By Henry Samuel Levinson
Levinson puts Santayana at the forefront of pragmatism by emphasizing his reflections on the cultural structures that shape human ...
Levinson puts Santayana at the forefront of pragmatism by emphasizing his reflections on the cultural structures that shape human life and expression. He explores Santayana's interest in solitude and society, his poetic construals of religious thought and ritual, his institutional rendition of pragmatism, and his concern to distinguish spirituality and politics. In doing so, he gives attention to Santayana's precursors, like Ralph Waldo Emerson; to his teachers and colleagues, including William James and Josiah Royce; to other pragmatists of his time, such as John Dewey and Sidney Hook; and to contemporary writers, including Richard Rorty and Milan Kundera.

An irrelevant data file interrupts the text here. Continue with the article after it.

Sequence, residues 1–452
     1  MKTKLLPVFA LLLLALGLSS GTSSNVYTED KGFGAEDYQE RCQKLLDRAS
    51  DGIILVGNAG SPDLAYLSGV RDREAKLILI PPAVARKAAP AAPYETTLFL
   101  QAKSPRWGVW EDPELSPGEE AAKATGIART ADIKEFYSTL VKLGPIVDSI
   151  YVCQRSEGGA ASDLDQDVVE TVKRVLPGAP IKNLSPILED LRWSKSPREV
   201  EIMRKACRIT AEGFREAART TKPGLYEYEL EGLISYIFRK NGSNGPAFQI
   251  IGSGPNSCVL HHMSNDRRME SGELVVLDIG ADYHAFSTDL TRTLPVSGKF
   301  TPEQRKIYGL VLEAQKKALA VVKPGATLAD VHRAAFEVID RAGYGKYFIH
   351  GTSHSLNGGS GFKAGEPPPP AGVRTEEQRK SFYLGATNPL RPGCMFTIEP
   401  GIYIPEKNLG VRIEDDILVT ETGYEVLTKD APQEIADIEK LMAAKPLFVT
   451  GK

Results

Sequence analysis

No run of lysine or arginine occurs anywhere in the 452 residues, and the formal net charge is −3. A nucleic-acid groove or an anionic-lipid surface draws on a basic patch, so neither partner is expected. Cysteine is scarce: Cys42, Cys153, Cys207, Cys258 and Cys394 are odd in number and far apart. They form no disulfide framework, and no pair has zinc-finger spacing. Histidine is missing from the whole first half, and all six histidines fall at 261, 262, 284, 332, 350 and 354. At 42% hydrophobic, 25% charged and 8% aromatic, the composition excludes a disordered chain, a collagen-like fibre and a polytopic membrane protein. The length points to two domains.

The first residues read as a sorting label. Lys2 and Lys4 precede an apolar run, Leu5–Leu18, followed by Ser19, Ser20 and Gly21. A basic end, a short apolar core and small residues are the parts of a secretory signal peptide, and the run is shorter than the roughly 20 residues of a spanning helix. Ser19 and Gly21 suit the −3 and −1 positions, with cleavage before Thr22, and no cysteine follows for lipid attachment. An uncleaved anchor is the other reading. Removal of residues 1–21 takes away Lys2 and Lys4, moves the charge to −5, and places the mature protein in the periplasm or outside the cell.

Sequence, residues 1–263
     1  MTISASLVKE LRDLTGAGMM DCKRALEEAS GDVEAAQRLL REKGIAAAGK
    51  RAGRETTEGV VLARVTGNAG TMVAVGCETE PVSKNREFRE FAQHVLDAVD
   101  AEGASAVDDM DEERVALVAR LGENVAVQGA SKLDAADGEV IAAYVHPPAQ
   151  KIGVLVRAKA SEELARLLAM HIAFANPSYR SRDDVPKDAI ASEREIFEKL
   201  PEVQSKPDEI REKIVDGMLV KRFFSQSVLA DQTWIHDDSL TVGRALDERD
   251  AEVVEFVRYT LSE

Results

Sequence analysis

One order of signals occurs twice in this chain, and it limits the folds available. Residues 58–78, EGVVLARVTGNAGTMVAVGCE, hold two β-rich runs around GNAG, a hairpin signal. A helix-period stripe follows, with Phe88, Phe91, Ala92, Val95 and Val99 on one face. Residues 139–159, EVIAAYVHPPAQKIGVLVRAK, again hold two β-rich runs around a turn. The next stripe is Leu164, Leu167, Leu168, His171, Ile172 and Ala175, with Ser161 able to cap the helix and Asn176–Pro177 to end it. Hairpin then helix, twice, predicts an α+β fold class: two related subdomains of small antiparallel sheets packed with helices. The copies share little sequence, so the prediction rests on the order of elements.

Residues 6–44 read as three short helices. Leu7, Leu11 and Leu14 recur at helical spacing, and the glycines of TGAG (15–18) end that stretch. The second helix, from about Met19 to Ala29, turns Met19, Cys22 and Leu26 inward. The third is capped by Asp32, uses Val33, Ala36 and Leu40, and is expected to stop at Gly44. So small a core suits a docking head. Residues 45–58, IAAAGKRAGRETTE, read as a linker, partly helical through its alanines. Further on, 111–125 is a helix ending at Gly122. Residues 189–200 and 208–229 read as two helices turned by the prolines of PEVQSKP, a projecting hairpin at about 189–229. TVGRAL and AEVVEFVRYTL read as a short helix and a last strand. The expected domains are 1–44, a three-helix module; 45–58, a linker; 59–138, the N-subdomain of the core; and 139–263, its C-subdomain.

Levinson's book illuminates an area neglected in both American literary history and the history of pragmatism. No other book has so carefully and centrally focused on the development of Santayana's scholarship, and no other author captures the way in which Santayana's concern with spirituality connects his earlier and later works.